How can I fund A Roth IRA if my income is too high to make direct contributions?
A Backdoor Roth is often a good option for a high earner. You would make non-deductible contributions to your IRA, then convert them to a Roth. The main rub is if you have current deducible IRA (Simple, SEP, Traditional, etc..) funds (Roth funds do not matter). They treat them all (the IRAs) as one account and any conversion would be seen as a portion of pre and post tax dollars.
- You have $8,000 in pre-tax dollars (normal deducted contributions)
- You then make $2,000 non-deductible contributions to an IRA for the Backdoor Roth (this assumes no gain on the $2,000)
- If you wanted to covert the $2,000 to a Roth
- $1,600 would be taxable (80% x $2,000)
- $400 would be tax free (20% x $2,000)
- The 80% comes from pre-tax dollars divided by the total IRA account value ($10,000 ÷ $8,000 = 80%)
- Same with the 20%
- This is known as the Pro-Rata Rule
- You would owe ordinary income tax on $1,600 dollars.
If you want it done for 2016 taxes, you might want to move fast. The deadline for my clients is 12/22, with the custodian I use.
Other tax-friendly options are:
- A charitable contribution the same year as the conversion to offset any conversion tax
- In and/or out of service 401(k) Roth Conversions (you can make non-deductible contributions up to $53,000)
- US Savings Bonds
- Tax-efficient accounts
- Even if you have no other IRA dollars, there would still be tax on any earnings
- Be careful of insurance products being sold as substitutes for Roths
- The guidance from the IRS as to how long the funds need to be in the account before conversion is not clear -- good to have in there at least a day or two
- Please double check with your Roth provider
Mark Struthers CFA, CFP®
One way to contribute to a Roth IRA, if you make more income than the limits allow, is to utilize a back-door Roth IRA conversion.
Sound complicated? A little bit, but in theory, this process is actually pretty simple. First thing, although there are income limitations to funding a Roth IRA, there are no income limitations to converting to a Roth IRA. So if you were to contribute to a traditional IRA, which does not have contribution rules that are determined by your income, in theory, you could convert to a Roth IRA and all you have to do is pay taxes on the full amount of the conversion which could be up to $6500 (depending on your age).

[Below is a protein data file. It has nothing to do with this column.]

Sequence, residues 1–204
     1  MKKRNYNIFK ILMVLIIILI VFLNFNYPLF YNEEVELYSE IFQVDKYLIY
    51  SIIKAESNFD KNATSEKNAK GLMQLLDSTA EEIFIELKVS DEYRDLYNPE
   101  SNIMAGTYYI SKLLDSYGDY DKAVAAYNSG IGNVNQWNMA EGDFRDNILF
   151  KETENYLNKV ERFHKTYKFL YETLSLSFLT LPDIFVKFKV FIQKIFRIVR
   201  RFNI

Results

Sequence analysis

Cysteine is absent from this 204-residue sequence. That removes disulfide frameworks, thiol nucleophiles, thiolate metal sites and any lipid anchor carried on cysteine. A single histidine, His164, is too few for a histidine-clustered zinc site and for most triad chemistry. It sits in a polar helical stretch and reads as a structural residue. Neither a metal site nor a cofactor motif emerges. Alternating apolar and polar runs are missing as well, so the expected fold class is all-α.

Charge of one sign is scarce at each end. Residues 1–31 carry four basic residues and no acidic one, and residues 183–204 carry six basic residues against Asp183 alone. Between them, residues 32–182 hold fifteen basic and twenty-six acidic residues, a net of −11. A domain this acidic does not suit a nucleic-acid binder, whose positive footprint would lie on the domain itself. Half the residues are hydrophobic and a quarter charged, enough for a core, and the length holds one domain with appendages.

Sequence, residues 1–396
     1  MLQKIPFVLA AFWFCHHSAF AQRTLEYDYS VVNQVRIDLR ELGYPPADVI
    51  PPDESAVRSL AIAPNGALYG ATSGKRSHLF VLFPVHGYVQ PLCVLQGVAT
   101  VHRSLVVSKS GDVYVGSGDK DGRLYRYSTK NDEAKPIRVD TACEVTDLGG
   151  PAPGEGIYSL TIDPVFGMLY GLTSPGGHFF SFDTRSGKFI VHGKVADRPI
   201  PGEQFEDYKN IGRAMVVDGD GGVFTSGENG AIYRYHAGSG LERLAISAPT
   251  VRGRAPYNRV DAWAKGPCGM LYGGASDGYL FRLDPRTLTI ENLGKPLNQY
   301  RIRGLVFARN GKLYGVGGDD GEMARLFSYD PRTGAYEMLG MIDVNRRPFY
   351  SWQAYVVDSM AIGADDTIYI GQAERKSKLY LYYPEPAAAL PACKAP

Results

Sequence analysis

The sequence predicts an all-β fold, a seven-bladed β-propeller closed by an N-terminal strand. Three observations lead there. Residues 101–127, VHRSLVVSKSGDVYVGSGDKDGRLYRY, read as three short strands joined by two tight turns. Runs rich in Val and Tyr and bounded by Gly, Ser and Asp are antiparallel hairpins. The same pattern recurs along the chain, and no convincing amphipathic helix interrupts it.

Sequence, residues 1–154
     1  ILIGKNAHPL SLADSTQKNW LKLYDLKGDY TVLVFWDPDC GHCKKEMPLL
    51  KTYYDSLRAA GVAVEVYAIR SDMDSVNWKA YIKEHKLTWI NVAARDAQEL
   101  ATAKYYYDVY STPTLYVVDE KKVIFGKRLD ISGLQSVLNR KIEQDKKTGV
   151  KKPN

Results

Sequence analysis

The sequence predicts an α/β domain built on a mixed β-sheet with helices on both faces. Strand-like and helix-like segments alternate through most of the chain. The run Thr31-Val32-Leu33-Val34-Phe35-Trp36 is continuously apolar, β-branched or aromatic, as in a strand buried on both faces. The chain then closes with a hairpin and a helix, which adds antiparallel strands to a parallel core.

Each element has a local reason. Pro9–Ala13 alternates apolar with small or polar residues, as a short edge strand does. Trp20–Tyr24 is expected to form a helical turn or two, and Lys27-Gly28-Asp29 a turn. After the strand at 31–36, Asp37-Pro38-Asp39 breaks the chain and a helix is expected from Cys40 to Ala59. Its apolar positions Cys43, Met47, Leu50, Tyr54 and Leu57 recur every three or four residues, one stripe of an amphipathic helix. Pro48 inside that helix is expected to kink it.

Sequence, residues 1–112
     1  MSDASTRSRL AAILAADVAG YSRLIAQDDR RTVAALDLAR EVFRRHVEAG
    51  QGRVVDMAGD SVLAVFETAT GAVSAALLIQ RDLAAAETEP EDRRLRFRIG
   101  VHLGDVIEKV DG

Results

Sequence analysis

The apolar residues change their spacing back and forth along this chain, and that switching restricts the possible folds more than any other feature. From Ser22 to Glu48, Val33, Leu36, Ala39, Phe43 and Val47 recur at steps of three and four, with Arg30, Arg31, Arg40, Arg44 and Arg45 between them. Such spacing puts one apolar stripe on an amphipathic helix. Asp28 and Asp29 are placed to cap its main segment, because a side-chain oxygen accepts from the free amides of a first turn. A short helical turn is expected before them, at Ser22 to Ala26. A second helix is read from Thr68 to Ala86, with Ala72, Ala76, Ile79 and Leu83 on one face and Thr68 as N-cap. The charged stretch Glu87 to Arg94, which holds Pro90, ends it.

Once you have converted your IRA to a Roth IRA you will have to pay taxes on the conversion, but moving forward, your growth and your distributions from the Roth IRA will be tax-free.
The Roth IRA conversion is a commonly used strategy for those that earn an income which is above the asset limits for contributing to a Roth IRA. Here's a great article from here on Investopedia going into a little bit more detail about Roth IRAs and their contribution limits: http://www.investopedia.com/university/retirementplans/rothira/rothira2.asp
This is also a great article with a video from here on Investopedia which goes into some very good detail about Roth conversions that is definitely worth taking a look at:http://www.investopedia.com/articles/personal-finance/040815/converting-traditional-ira-savings-roth-ira.asp
Roth IRA contributions are in accordance with your Modified Adjusted Gross Income (MAGI). In 2016:
- If your MAGI is $117,000 or below, you can make a full contribution ($5,500 or $6,500 you're age 50 or older)
- If your MAGI is more than $117,000 but less than $132,000, you can make a reduced contribution
- If your MAGI is more than $132,000, you are ineligible to make a contribution
- If your MAGI is $184,000 or below, you can make a full contribution ($5,500 or $6,500 you're age 50 or older)
- If your MAGI is more than $184,000 but less than $194,000, you can make a reduced contribution
- If your MAGI is more than $194,000, you are ineligible to make a contribution